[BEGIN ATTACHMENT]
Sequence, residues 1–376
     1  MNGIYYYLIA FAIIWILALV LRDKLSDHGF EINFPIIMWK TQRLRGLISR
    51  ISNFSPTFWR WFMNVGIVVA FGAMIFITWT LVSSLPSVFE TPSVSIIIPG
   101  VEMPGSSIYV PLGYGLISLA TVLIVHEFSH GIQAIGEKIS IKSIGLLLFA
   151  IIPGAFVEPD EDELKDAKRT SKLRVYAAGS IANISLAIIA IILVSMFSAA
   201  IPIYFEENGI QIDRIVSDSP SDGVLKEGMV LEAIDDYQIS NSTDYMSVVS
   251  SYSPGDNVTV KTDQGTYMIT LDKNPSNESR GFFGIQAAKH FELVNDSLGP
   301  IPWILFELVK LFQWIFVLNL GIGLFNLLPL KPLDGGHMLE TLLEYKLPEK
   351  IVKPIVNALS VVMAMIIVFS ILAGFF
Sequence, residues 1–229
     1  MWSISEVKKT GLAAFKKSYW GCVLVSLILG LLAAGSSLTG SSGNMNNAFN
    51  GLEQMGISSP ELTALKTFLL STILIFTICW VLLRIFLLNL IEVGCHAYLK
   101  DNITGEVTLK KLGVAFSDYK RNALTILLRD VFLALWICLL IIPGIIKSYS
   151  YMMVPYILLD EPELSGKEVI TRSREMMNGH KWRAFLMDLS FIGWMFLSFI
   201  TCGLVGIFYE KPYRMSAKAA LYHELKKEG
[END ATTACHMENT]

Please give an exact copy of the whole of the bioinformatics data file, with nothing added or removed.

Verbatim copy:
Sequence, residues 1–376
     1  MNGIYYYLIA FAIIWILALV LRDKLSDHGF EINFPIIMWK TQRLRGLISR
    51  ISNFSPTFWR WFMNVGIVVA FGAMIFITWT LVSSLPSVFE TPSVSIIIPG
   101  VEMPGSSIYV PLGYGLISLA TVLIVHEFSH GIQAIGEKIS IKSIGLLLFA
   151  IIPGAFVEPD EDELKDAKRT SKLRVYAAGS IANISLAIIA IILVSMFSAA
   201  IPIYFEENGI QIDRIVSDSP SDGVLKEGMV LEAIDDYQIS NSTDYMSVVS
   251  SYSPGDNVTV KTDQGTYMIT LDKNPSNESR GFFGIQAAKH FELVNDSLGP
   301  IPWILFELVK LFQWIFVLNL GIGLFNLLPL KPLDGGHMLE TLLEYKLPEK
   351  IVKPIVNALS VVMAMIIVFS ILAGFF
Sequence, residues 1–229
     1  MWSISEVKKT GLAAFKKSYW GCVLVSLILG LLAAGSSLTG SSGNMNNAFN
    51  GLEQMGISSP ELTALKTFLL STILIFTICW VLLRIFLLNL IEVGCHAYLK
   101  DNITGEVTLK KLGVAFSDYK RNALTILLRD VFLALWICLL IIPGIIKSYS
   151  YMMVPYILLD EPELSGKEVI TRSREMMNGH KWRAFLMDLS FIGWMFLSFI
   201  TCGLVGIFYE KPYRMSAKAA LYHELKKEG